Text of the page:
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Blogs

The glass houses of parliament

30 April 2013

7:01 PM

30 April 2013

7:01 PM

The Labour Party is most exercised by the news, broken by the Spectator, that Economist journalist Christopher Lockwood has been appointed to the Downing Street Policy Unit. Poor old Lockwood is charged with being a bit posh, knowing David Cameron personally and attending a good school. This amounts to a crime against humanity in Labour land.

Rent-a-quote Rachel Reeves, who moonlights as shadow chief secretary to the Treasury, took time off her maternity leave to lambast the elitist chumocracy at the heart of Dave’s government. All of which is a bit rich because the Labour Party indulges this particular establishment vogue to a tee.

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Rachel Reeves’ sister Ellie is on the Labour Party’s National Executive Committee (NEC), and her boss Ed Balls is married to the shadow home secretary. Had Reeves been indisposed, we may have heard from Harriet Harman (Old Pauline, like Lockwood). Or we might have had to endure the dolorous tones of Harman’s husband Jack Dromey, who became a Labour MP after the NEC secured his selection for the 2010 election campaign.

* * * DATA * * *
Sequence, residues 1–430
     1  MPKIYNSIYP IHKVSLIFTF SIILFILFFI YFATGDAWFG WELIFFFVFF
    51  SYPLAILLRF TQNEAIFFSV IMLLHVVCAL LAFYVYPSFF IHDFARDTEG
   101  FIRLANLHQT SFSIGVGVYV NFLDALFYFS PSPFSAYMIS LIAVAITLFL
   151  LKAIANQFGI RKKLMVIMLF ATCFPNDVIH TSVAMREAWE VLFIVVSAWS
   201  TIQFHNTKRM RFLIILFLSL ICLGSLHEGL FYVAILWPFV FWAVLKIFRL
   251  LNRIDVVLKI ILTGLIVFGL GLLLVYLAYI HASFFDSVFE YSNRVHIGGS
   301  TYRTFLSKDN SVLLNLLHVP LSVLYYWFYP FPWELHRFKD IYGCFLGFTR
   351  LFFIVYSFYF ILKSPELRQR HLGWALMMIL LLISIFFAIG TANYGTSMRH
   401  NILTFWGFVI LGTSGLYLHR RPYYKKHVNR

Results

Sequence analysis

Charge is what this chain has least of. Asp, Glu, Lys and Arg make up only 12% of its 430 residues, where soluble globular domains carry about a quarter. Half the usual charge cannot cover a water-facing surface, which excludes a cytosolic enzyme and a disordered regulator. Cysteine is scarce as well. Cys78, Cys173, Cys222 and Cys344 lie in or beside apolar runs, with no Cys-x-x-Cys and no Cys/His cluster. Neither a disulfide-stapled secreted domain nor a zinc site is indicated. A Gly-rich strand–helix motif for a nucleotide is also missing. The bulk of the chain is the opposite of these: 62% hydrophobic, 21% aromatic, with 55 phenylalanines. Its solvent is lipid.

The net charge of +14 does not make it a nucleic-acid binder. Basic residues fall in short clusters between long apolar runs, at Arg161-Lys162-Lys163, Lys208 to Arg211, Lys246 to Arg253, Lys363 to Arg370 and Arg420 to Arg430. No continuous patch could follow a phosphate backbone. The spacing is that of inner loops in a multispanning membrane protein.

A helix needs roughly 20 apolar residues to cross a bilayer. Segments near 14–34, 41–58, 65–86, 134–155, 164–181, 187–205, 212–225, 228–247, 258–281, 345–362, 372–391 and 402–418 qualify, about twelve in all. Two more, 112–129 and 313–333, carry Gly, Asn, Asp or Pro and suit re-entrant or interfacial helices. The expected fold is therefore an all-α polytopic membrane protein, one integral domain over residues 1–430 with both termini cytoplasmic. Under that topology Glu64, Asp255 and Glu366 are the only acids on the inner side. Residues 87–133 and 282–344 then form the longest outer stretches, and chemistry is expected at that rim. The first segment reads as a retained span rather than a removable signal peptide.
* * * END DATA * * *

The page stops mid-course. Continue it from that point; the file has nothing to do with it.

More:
And who can forget the recent tragi-comedy over which Miliband would lead the party? The Milibands were merely one amusement in that arcade. Diane Abbott may have resembled a joke candidate but she was, in fact, a beacon of diversity: a plucky Cambridge graduate challenging four Oxonians.

Talk about throwing stones in glass houses.

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